I mean, not totally random – you’re not going to see author portraits or product photography or what I’m eating right now or some outfit that I bought only to do cheesecake selfies in and never actually wear. But random for my typical photo subjects, so you can let your hopes die down now. I’ve got a shitload of sorting to do and several other projects on the burners, so here’s a handful of photos with no theme or anything, just to maintain content and not let people think I died or switch to FaceBlerch or something.

quartet of yellow-bellied sliders Trachemys scripta scripta perched identically on log, Goose Creek State Park, NC
The Girlfriend and I did a few days out at Washington, NC last week, and so I returned to Goose Creek State Park – she went too, but this was her first time so she wasn’t returning. Out the car window, I fired off a couple of quick frames of a quartet of yellow-bellied sliders (Trachemys scripta scripta) all posed identically on a log. I was shooting wide open and depth-of-field naturally suffered, and while I was adjusting the aperture they all became too suspicious and slid into the water. But we’ll go in closer for a moment.

pair of yellow-bellied sliders Trachemys scripta scripta, one showing waterline stain
See? I did nail focus, just on a very specific area. But I’m betting you didn’t register the curious stain on the head of this one, likely indicating sitting for a while with just its eyes and nose out of the tannin-laden waters of the drainage channel.

Just a little further on The Girlfriend spotted a pileated woodpecker (Dryocopus pileatus,) which turned out to be at least a trio of them, but they proved difficult to photograph.

pair of likely juvenile pileated woodpeckers Dryocopus pileatus on same trunk
Light was dim under the tree canopy, and I was shooting at some distance handheld, not to mention how hyperactive they were, so this is the best I got. I’m reasonably certain these are this year’s brood, a pair of juveniles hanging out together, with a parent skipping along nearby. The park strikes me as a good place for woodpeckers, and we were told to keep an eye out for otters too; we didn’t see any, but I’ll be trying again as soon as possible.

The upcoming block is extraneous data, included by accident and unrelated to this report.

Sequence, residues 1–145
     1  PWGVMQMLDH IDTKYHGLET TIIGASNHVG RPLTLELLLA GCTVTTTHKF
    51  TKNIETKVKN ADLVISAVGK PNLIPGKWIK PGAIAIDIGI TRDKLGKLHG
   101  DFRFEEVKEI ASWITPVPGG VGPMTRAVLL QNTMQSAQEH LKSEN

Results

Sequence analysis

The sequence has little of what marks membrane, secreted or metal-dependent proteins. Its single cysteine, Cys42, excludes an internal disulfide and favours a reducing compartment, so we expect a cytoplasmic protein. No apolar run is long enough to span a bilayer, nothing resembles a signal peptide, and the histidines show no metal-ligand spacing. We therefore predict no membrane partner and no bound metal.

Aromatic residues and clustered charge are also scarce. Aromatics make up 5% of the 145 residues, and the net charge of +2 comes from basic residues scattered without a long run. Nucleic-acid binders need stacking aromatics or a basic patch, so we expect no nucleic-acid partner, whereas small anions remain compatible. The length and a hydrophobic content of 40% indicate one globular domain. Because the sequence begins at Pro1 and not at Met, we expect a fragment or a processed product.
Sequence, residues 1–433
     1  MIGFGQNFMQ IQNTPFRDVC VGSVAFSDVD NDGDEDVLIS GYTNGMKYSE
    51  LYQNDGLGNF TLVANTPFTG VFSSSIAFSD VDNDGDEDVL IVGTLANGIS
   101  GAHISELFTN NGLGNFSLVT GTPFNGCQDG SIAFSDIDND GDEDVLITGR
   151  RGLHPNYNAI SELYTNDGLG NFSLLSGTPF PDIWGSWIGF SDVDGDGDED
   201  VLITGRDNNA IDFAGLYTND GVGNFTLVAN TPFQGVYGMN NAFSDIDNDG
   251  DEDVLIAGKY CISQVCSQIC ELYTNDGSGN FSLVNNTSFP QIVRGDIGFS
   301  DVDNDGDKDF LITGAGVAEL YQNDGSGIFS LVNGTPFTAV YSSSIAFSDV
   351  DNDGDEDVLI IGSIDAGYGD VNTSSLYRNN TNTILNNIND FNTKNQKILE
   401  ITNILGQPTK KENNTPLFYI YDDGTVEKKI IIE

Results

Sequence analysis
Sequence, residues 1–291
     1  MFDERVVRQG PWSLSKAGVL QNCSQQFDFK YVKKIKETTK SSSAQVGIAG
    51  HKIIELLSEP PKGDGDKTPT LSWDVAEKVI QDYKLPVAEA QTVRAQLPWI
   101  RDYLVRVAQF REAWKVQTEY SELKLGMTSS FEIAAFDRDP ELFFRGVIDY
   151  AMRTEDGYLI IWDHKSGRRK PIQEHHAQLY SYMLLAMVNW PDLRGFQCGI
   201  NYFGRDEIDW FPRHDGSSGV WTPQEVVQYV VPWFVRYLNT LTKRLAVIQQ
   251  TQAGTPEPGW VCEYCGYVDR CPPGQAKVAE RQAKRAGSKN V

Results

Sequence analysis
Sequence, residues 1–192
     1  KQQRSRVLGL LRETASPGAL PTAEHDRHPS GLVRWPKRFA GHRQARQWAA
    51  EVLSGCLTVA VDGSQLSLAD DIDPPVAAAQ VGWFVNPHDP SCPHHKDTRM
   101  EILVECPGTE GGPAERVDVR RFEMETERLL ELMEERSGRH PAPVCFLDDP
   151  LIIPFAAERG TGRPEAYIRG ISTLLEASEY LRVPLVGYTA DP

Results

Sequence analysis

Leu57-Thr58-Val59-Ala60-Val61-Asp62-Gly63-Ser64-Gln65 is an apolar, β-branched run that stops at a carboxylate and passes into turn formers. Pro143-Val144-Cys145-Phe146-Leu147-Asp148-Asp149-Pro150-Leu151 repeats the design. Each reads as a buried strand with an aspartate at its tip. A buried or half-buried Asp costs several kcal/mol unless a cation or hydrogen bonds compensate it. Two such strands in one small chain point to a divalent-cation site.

pair of unidentified ducks, possibly hybrid mallard Anas platyrhynchos X and juvenile North American ruddy duck Oxyura jamaicensis
Both of these remain unidentified, though I consider the one in front to be a mallard hybrid (Anas platyrhynchos, or perhaps Anas platyrhynchos X,) while the one in the back might be a juvenile North American ruddy duck (Oxyura jamaicensis,) but that is largely based on the size and the fact that I’ve seen them there before, since those markings don’t really match. It looks like a female mallard, but it’s far smaller than it should be with full feathering – perhaps an example of dwarfism? Check out the mottled feet on the maybemallard (another potential indicator of hybridization) while the other one appears banded.

Shot the moon for giggles while out there.

waxing gibbous moon with surrounding haze
This is decently sharp given handholding and the heavy haze, just barely showing at this exposure – the day had been spent close to overcast, which went full overcast at sunset, so I was surprised to see this later on. But that’s all from this trip – not a lot of time was spent photographing, but I might dredge up a couple others later on.

So, let’s see, local shots. We have this guy.

tiny juvenile Copes grey treefrog Dryophytes chrysoscelis perched on leaf of oak-leaf hydrangea Hydrangea quercifolia
The oak-leaf hydrangeas (Hydrangea quercifolia) still host various critters, but I was a little surprised to see this minuscule Copes grey treefrog (Dryophytes chrysoscelis) – it is literally the size of my thumbnail, but spooked as I was trying to slide my paper measuring scale into the frame, so you’ll have to take my word for it. This size indicates that it’s likely this year’s brood, but I never saw any sign of them in the backyard pond, so it either snuck past me or migrated from a little ways off. Maybe it’s just last year’s, and has been growing slowly.

But that’s huge compared to the next guy.

unidentified gnat-sized spider on author's hand
I saw this under the desk lamp one night, mistaking it for dust but it wasn’t moving from its spot several centimeters below the light, so I fetched the reversed 28-105 and held my hand out underneath it. I’m not even going to try to identify this spider, but a gnat could have given it a run for its money, and that’s the edge of my hand that you’re seeing here, those cables being the fine hair thereon. I’m glad we have species like this around – otherwise the ridiculously-small insects might get out of control.

Okay, back to work…

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